Tuesday, May 27, 2014
Top stats to know: Red Sox at Braves
By John Fisher
The Boston Red Sox snapped a 10-game losing streak Monday, which was their longest since losing 11 straight in 1994.
Tonight, the defending champions hope to turn that into a win streak (7 ET/ESPN) as they play the second of two games at Turner Field before heading home to host the Atlanta Braves for two more.
Despite putting that losing streak behind them, the damage to the Sox’s hopes of a championship repeat this season may be already done.
No team in MLB history has ever lost 10 straight games in a season and gone on to win the World Series. The longest losing streak by a team that would go on to win the World Series was nine by the 1953 New York Yankees.
The last team with a double-digit losing streak that even made the playoffs was the 1982 Atlanta Braves, who lost 11 straight in August that season.
Lack of big POPi
David Ortiz hit the game-tying home run Monday, but a lack of production from the slugger over the past dozen games has been a key factor in the Red Sox’s slump.
Over the last 12 games, Ortiz is hitting .286 with a slugging percentage of .429. Over that span he has had just one multihit game.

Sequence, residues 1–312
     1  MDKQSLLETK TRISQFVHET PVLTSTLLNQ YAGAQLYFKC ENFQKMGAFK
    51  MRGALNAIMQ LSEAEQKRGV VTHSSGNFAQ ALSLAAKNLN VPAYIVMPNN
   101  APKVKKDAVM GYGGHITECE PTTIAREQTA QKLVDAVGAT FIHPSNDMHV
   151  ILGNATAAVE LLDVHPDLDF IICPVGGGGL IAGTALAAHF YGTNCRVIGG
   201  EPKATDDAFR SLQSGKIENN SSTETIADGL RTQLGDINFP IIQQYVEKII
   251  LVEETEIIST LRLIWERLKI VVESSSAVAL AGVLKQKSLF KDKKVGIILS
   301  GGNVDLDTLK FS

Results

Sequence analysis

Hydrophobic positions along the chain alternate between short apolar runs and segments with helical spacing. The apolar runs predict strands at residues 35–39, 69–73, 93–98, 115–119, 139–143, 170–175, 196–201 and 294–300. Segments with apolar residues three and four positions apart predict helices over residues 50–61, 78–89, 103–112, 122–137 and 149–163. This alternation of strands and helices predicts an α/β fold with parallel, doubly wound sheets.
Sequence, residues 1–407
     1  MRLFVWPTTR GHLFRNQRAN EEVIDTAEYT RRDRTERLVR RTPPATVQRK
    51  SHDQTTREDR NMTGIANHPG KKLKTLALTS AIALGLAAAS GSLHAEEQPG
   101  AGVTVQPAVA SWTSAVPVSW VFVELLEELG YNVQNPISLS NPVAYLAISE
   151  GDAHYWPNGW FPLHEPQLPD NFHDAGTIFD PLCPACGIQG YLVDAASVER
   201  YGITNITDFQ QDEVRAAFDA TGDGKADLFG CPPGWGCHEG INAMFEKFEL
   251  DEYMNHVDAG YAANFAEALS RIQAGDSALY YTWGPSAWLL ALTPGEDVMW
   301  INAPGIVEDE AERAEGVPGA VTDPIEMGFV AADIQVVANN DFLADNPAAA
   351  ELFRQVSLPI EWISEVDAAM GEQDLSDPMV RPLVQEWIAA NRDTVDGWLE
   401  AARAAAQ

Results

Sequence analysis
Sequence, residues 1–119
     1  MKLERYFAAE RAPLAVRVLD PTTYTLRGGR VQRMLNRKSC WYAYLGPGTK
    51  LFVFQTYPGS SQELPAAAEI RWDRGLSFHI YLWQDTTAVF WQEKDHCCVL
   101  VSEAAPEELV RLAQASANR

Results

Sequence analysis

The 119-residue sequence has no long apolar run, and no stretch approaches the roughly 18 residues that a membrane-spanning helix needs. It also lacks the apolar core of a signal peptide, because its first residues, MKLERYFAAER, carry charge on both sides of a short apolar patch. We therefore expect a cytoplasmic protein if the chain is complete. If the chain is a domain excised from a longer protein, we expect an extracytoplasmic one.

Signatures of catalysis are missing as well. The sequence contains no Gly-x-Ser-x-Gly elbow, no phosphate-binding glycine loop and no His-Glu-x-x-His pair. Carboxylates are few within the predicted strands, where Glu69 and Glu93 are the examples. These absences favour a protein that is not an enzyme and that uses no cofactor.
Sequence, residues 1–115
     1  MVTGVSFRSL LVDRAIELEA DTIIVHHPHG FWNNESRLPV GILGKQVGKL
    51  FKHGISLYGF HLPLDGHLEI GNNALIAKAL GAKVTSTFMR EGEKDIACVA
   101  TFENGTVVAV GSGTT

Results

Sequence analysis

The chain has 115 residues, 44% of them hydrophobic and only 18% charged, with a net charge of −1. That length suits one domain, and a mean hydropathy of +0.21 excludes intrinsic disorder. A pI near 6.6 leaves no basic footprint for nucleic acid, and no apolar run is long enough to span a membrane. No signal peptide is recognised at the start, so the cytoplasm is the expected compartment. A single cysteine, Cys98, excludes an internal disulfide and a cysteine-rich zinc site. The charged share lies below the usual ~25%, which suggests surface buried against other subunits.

In the previous dozen games, he hit .360 with a slugging percentage of .680, with five multihit games.
Ortiz is struggling with pitches on the outer half of the plate, which continues a trend. His numbers against such pitches have decreased for three straight seasons.
Braves' hitters lack patience
As a team, the Braves have one of the worst offenses in baseball. They rarely hit the ball hard, and they hit in the air far more than they hit it on a line.
The Braves swing at the first pitch more often than almost every team in baseball (33 percent, a hair behind the Giants) but don’t make the most of that aggressiveness. They are hitting .305 on the first pitch this season, well below the MLB average of .340.
Despite only one team swinging at the first pitch more often, no team has fewer home runs on the first pitch of an AB (tied with Twins -- 2).
While the Braves’ offense has been poor this season, Harang has been a bright spot on the pitching staff, which ranks second in MLB with a 2.89 ERA. After five starts, he led the major leagues with a 0.85 ERA. In his past five starts, he’s gone 1-3 with a 6.11 ERA, but it’s not as bad as it sounds.
If you take out the first of those past five starts (9 ERs) he has a 3.86 ERA. He has 31 K's and 5 BBs over that span (33 K's, 13 BBs in his first five starts) and he’s allowed two ERs or fewer in eight of his 10 starts this season.